City Council couldn’t quite get its act together to make a decision that would have allowed a worthy and much-needed women’s shelter to begin construction. Amidst bickering and heated debate, the Council voted to delay its decision on whether or not to vacate Fairmount Place – a ghost of a street that leads to a deadend – so that Charis House could build a women’s shelter which takes in women and children in crisis.
While mouthing platitudes to the goals of Charis House, the Council bought into the the much maligned pretext of “river front development” as well as the argument that the structure “just wouldn’t fit” into the Wells Street Corridor of businesses. The Council caved to arguments by the Wells Street Merchants that the vacation of Fairmount Place would wreak all kinds of havoc in the area including stopping river front development, building a structure not compatible with the area, and deviating from the goals and objectives of Plan-It Allen and neighborhood plans.
The design of Charis House is considered “suburban” in nature, which apparently is anathema to the neighborhood despite the fact that Wells Street is a composite of eclectic building styles with no one prevalent design. The Wells Street business corridor – as it is known – is home to older buildings such as Klemm’s, Hyde Brothers, and the Pantry. But it also hosts more modern, suburban-looking buildings such as the building that houses an engineering firm, two strip malls, and a grocery store – buildings which are by no means urban in design.
To argue that the Charis House building would not fit is simply a smokescreen. The design is not fancy – it is functional. It is a two-story building about the size of the funeral home down the street to the north. The site will be about 30,600 square feet – approximately 175 feet by 175 feet. My home sits on a lot which is 100 feet long, so the size of the building is about twice the length of my lot.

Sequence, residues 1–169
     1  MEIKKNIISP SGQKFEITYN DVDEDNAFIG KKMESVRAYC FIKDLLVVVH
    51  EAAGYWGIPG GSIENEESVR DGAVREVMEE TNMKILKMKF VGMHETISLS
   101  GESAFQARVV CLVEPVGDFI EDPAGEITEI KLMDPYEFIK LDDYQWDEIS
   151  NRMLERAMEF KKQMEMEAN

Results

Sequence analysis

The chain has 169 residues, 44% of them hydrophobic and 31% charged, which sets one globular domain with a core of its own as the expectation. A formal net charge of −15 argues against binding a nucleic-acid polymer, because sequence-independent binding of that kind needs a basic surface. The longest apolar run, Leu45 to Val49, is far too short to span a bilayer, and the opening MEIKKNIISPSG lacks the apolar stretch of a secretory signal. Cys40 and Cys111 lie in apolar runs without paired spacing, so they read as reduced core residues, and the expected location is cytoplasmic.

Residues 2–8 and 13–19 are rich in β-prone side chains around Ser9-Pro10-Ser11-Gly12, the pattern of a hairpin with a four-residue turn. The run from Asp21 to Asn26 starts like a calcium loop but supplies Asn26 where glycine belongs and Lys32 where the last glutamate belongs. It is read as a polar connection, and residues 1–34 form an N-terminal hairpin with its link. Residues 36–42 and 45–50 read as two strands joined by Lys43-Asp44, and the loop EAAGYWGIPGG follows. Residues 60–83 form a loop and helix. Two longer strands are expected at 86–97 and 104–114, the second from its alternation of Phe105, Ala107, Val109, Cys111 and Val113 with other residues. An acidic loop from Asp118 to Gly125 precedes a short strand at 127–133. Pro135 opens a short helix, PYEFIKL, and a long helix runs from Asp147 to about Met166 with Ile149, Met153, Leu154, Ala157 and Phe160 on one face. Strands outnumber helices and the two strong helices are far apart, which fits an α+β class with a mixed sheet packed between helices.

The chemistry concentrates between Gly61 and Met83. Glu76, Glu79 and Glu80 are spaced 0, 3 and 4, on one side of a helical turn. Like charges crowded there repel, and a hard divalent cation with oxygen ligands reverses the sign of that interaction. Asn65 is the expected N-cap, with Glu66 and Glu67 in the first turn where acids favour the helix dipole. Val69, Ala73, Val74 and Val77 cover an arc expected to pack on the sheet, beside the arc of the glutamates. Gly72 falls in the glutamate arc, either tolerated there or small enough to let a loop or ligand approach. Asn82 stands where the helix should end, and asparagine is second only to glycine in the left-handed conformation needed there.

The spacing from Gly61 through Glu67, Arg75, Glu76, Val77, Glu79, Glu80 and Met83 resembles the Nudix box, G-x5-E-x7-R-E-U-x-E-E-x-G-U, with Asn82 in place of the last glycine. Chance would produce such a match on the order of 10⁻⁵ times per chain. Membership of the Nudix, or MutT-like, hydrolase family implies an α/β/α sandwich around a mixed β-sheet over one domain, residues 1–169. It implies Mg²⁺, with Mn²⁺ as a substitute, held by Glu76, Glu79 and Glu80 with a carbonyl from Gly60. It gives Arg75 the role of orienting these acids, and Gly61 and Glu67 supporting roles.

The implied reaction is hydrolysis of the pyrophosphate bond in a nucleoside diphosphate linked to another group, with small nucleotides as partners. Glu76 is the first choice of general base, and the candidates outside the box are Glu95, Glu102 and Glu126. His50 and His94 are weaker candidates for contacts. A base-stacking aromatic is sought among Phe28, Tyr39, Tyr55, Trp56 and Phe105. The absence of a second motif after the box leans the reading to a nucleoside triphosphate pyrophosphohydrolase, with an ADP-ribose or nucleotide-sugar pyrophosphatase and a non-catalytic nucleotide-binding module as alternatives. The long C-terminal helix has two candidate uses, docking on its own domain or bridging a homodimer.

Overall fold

It will sit back from the street and will be landscaped according to City standards. A parking lot will be situated in the front of the structure – another complaint from the Wells Street merchants despite the fact that other businesses have parking lots located in the front of their businesses. Again, another smokescreen.
But the most disingenuous attempt to persuade City Council to deny the vacation of Fairmount Place is the flawed argument that building Charis House will hurt river front development. What river front development and when? The St. Marys River, which is the primary river flowing through Fort Wayne and the river which has been touted as the one most amenable to development, tops its banks on a regular basis. Almost all land lying along the river is located in a flood plain.
State statutes preclude development in a flood plain and/or floodway, so my question is this – how will the river bank be developed when it still lies in a floodplain? In addition to location in the flood plain, most areas of the St. Marys River are hidden behind lengths of levees, berms, and flood walls – barriers which prevent views of the very river which so many want to develop. Again, another smokescreen. While river front development may be feasible in limited areas along the St. Marys River, it should not be undertaken in the area touted by the Wells Street merchants.
What a shame the City Council got caught up in a debate that boils down to a choice to help women and children or a choice to buy into disingenuous arguments that do not hold water, and, instead, fall back on arguments that appear on their surface to be legitimate yet underneath are lacking in foundation.